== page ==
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Paul’s Joy January 21, 2012

Posted by flashbuzzer in Books, Christianity.
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Here are my thoughts on 2 Corinthians 7:2-16.

Summary: Paul begins by exhorting the Corinthians to love him in return, as he has done none of the following:

  • treat anyone unjustly
  • corrupt anyone’s morals
  • defraud anyone.

He does not intend to question their devotion to him, as they are so dear to him that neither death nor life could separate them. He has joyful confidence in them, and he boasts of them; at this time he is filled with comfort, and his joy overflows in the midst of his difficulties.

When Paul entered Macedonia, he still endured mental anguish; he was faced with external and internal difficulties. Yet God, who comforts the depressed, comforted him via the arrival of Titus. Paul was consoled by hearing of the comfort that Titus had received from the Corinthians; moreover, Titus told him of their desire to see him, their mourning over having offended him and their zeal for him – and so he experienced joy beyond what he derived from hearing of Titus’ personal comfort.

Although Paul’s previous letter briefly pained the Corinthians, causing him to regret having written it, he now has no regrets. In fact, he now rejoices over it – not because they were pained, but that their pain caused them to turn from sin to God; they were pained according to God’s will, and so his first letter did not injure them. Sorrow according to God’s will is an essential aspect of salvation – and the one who repents should not regret it – while the sorrow of unbelievers only yields spiritual death. Now Paul’s previous letter caused the Corinthians to experience sorrow according to God’s will, and they displayed the following:

  • a desire to correct the sin in their midst
  • a desire to acknowledge their sin to Paul and ask for his forgiveness
  • anger at themselves for allowing the sin of interest to occur in their midst
  • fear that Paul would come and punish them for their error in this regard
  • affection for Paul
  • a desire for the reformation of the sinner in their midst
  • a sense that the sin in their midst must be punished

and so in every respect they showed themselves to be pure in this regard. Although he dove into their internal affairs by writing his previous letter, their above-mentioned actions prove that he wrote to them neither for the sake of the sinner in their midst, nor for the one who he had injured – but to show his love for them.

Paul is encouraged both by the Corinthians’ repentance in this regard, and by the fact that Titus’ spirit derived rest from them. He had boasted of them to Titus, and they did not mortify him; just as he had preached the truth to them, his boasting of them was vindicated. Indeed, Titus now has more affection for them than when he was with them, because he remembers their obedience toward him; they had greeted him reverently. Paul concludes by stating that he rejoices in the fact that he can be confident in them.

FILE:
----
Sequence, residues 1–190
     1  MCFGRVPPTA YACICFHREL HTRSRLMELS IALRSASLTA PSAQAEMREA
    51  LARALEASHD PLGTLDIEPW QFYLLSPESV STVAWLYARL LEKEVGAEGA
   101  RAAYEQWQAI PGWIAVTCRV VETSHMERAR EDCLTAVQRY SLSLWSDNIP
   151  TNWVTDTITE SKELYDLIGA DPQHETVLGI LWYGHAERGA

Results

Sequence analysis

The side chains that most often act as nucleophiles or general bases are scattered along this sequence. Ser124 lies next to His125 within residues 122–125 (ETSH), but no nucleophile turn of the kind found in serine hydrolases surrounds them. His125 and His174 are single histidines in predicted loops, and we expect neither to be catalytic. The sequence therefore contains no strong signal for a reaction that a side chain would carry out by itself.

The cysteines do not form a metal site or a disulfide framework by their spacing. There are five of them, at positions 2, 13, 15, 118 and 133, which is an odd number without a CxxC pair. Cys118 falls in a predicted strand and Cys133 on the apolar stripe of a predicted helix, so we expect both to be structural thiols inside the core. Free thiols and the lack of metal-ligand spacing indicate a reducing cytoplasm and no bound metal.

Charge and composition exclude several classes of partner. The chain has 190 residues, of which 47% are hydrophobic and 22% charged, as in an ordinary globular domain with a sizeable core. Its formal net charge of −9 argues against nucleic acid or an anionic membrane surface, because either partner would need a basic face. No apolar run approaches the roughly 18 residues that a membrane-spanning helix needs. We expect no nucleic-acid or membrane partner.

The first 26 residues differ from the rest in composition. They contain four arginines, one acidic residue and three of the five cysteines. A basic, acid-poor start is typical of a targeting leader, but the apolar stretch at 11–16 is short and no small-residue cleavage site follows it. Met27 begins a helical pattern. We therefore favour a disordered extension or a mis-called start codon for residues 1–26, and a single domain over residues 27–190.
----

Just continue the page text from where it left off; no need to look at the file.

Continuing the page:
Thoughts: In verse 10, Paul states that sorrow for sin that stems from a proper relationship with God eventually produces life, while the sorrow of unbelievers eventually produces death. Hodge offers some pointed words on this subject:

It is a great mistake to suppose that the natural tendency of pain and sorrow is to bring good. They tend rather to excite rebellion against God and all evil feelings. It is only when they are sanctified…that they bring out fruit for righteousness…The more miserable you make a bad man, the worse you make him. The wicked are said to curse God while they gnaw their tongues with pain and refuse to repent of their deeds (Revelation 16:10-11).

This is a difficult quote to digest, especially when one considers how the class of unbelievers can be decomposed into its constituent sub-classes. For example, one of the core principles of Hinduism and Buddhism is that by leading a proper life, one can eventually escape pain and sorrow. I find it difficult to picture a Buddhist monk becoming “worse” as a result of experiencing sorrow; the monk in question would probably perceive sorrow as one of the standard obstacles on the road to enlightenment. Most likely Hodge’s point has its true significance in light of the Final Judgment, especially given his quotation from Revelation.

In verse 16, Paul asserts that he is confident in the Corinthians. Hodge offers some summary thoughts on this point:

This is the conclusion of the whole matter. The first seven chapters of the letter are intimately linked. They all relate to the state of the congregation at Corinth and to Paul’s relationship to the people there…Here, therefore, we have the conclusion of the whole preceding discussion. The result of the long conflict of feeling about the Corinthians as a church was the full restoration of confidence. ‘I rejoice that I have confidence in you in all things.’

This refreshingly positive conclusion to the first part of the epistle must have subtly influenced my understanding of it before I wrote this series of posts. While the epistle is miles away from being as “warm and fuzzy” as I had thought, Paul is clearly pleased that the Corinthians have responded positively to his previous letter – at least in terms of the case of their incestuous brother – showing that they are growing in their spiritual walk.

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